Cloud Security: Challenge Your Assumptions

Recent UK Government statistics found that nearly half of all UK businesses suffered a cyber breach or attack in the past 12 months. Firms holding personal data and processing money are top targets. With an average cost to the business of £3,000 for medium business and £19,000 for larger ones, the most common attacks were fraudulent emails, followed by viruses and malware.

Seven in ten large businesses identified a breach

The survey also revealed that nearly seven in ten large businesses identified a breach or attack, with the average cost to large businesses of all breaches over the period being £20,000 and in some cases reaching millions.

Medium and large companies tend to be better prepared to deal with cyber security (although this is not always the case) than smaller enterprises, however there are still areas of confusion and complacency.

The area I want to focus on in this post is cloud security, as many modern businesses no longer manage their own physical server infrastructure, instead opting for cloud services.

Who is responsible for cloud security?

Many assume that their cloud provider – such as Amazon Web Services (AWS), Microsoft Azure or Google Cloud – is responsible for their security. This assumption is wrong. They are simply facilitators in terms of IT infrastructure. One has to distinguish between managed and unmanaged services.

Yes, AWS is responsible for the global security of the entire cloud infrastructure, but they make it very clear that their clients are still individually responsible for securing their own data. So what does this mean?

Often, IT teams incorrectly assume that because they have a trusted third party in charge of their infrastructure, that vendor will also manage security. Like the small businesses who assume that their web developer is on top of security, large business often assume that the public cloud is secure and that this is managed by their vendor.

Of the cloud and in the cloud

In general, the cloud as an overarching entity is very secure. However – AWS clearly states that it will address “security OF the cloud” – compute, storage, database, networking, and global infrastructure. Amazon is responsible for the physical security and the hosts servers, so called hypervisors, but they are not responsible for your network or your own server instance.

However, it is the customer who is 100% responsible for “security IN the cloud” instance – data, apps, identity management, OS, network and firewall configuration, network traffic, server-side encryption, and client-side data.

This is an important distinction – think of it as a property management company being responsible for the common areas of an apartment development, but the individual owners being responsible for locking their own doors and windows and to whom they give keys or access to their houses.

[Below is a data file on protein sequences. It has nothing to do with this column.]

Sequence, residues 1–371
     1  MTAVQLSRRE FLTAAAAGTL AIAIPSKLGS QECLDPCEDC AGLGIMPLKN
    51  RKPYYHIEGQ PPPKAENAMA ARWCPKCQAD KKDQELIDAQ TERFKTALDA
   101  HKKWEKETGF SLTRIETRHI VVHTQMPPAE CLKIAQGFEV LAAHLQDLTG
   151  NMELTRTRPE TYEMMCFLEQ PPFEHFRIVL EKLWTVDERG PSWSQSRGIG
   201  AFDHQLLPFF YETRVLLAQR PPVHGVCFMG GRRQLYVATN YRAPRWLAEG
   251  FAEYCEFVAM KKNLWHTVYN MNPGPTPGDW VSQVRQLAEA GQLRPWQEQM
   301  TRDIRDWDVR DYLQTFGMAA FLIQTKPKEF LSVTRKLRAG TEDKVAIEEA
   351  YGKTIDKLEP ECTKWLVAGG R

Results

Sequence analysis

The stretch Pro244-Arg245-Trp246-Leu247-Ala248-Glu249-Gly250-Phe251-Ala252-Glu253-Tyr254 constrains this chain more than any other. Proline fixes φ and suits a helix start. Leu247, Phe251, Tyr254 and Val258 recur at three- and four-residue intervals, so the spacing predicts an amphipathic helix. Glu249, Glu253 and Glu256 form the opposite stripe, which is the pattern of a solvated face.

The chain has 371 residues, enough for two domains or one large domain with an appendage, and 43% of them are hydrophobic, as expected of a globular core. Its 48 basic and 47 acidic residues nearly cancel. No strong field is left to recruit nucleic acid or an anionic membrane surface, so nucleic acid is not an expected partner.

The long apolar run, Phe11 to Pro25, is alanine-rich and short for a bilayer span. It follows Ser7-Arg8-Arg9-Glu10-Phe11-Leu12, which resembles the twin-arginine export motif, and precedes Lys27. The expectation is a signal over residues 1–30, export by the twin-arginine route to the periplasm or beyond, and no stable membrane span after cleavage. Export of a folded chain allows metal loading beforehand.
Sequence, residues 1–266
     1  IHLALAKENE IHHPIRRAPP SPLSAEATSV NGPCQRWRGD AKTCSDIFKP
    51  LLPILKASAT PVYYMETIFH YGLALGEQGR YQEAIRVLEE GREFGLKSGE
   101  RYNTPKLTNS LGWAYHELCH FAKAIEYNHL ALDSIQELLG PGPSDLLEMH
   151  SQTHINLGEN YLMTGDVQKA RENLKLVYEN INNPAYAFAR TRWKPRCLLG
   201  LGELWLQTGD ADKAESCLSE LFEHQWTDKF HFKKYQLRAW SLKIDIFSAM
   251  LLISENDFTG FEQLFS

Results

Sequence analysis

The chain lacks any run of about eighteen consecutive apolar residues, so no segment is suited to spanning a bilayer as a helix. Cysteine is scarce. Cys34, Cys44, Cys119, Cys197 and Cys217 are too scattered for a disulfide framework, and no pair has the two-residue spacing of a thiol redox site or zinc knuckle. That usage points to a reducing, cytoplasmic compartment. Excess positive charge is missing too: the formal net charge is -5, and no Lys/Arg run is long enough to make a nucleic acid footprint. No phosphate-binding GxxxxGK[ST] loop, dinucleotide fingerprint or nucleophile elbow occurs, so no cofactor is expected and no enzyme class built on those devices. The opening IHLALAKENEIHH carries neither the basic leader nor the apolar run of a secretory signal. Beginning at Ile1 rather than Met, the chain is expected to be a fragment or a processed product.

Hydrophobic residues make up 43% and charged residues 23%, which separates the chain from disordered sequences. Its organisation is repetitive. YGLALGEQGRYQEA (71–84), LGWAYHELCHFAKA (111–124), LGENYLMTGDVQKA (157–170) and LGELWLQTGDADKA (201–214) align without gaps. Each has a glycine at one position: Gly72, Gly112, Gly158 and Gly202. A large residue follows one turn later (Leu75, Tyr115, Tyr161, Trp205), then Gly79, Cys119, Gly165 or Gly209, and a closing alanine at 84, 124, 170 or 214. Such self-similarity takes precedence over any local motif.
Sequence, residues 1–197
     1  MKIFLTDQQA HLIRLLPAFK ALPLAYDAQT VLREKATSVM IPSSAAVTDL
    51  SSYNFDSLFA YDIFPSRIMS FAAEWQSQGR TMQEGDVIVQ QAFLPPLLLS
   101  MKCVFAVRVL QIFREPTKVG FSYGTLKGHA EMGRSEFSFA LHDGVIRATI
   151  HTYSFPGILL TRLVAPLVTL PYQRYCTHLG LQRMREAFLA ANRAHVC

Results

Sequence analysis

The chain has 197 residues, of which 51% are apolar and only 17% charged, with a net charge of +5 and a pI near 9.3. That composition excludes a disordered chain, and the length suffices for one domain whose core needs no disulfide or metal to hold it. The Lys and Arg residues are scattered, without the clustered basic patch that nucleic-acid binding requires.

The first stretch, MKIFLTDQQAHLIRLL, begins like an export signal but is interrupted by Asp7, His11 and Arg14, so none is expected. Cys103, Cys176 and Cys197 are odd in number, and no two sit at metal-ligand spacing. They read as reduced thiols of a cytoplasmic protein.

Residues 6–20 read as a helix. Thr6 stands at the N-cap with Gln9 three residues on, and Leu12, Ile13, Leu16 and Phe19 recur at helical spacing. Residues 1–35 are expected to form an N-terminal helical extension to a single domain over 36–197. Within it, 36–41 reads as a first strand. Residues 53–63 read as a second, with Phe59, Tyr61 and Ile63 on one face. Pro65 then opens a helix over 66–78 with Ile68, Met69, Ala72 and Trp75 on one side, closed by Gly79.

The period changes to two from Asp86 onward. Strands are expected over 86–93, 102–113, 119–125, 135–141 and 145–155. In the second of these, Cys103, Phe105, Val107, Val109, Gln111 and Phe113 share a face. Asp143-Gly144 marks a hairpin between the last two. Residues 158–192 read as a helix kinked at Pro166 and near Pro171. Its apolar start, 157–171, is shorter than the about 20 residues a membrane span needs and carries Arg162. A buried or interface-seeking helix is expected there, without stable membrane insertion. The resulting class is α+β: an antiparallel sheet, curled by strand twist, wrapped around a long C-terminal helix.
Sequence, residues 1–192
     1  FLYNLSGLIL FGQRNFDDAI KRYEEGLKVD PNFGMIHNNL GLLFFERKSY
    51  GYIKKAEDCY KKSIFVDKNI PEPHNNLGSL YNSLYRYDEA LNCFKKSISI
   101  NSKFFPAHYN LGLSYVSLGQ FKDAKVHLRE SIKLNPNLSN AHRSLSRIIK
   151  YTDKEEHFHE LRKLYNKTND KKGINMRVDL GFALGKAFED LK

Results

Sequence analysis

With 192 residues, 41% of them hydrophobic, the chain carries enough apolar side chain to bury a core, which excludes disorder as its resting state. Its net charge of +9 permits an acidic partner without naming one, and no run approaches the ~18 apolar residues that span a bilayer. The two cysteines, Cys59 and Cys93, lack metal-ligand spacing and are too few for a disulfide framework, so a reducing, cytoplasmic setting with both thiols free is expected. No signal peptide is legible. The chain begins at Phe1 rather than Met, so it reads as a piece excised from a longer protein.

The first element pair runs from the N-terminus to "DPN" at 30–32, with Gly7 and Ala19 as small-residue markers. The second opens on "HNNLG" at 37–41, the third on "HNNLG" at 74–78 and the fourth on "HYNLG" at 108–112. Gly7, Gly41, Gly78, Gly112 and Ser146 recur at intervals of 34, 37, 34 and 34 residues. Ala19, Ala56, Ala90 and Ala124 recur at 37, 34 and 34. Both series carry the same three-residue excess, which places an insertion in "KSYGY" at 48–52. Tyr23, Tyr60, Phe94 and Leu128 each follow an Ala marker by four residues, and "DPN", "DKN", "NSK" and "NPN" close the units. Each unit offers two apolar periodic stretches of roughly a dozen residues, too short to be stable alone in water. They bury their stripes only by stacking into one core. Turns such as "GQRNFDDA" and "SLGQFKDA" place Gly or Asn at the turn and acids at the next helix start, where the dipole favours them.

Spotting vulnerabilities

We recently did an assessment of the digital assets of an international law firm. At first pass, the firm appeared to have a clean bill of health – they used AWS, their servers were in the US, and the website was secure.

On further analysis, we discovered a major vulnerability. Their site was hosted on a shared server operated by their web designer and the hosted server could have been compromised even though the hosted site was fairly safe. This could have led to the website being maliciously hacked by attacking the host’s server rather than the site itself, and thereby taken down. The situation arose because of some incorrect assumptions about whose responsibility it was to secure the site.

Concrete suggestions for larger organisations

  1. Make you know who is responsible for your security, in the cloud. Challenge your assumptions and don’t be hesitant to ask seemingly stupid questions!
  2. During system/server provisioning and setup, apply at least the basics of hardening in your environment. Keep your system patched and up to date.
  3. As Bruce Schneier, security expert, notes “the security mindset involves thinking about how things can be made to fail. It involves thinking like an attacker, an adversary or a criminal. You don’t have to exploit the vulnerabilities you find, but if you don’t see the world that way, you’ll never notice most security problems.”
  4. Remove unused services from your server and restrict access to those services where there is no need for a public interface (anything outside of http(s) basically).
  5. Always grant the minimum required privileges for your users/employees. Know what your ‘Data Crown Jewels’ are – any access to sensitive data should be tightly controlled. This sensitive data should only be accessible to employees that absolutely need it as a part of their job, in the moment they need it.
  6. Install, maintain and update antivirus, anti-malware and firewall software for desktop and mobile.

This may be too much for your own IT team to handle, so consider booking a security health check with a reputable provider. There are great resources put together by the UK National Cyber Security Centre and the Cyber Essentials Programme.

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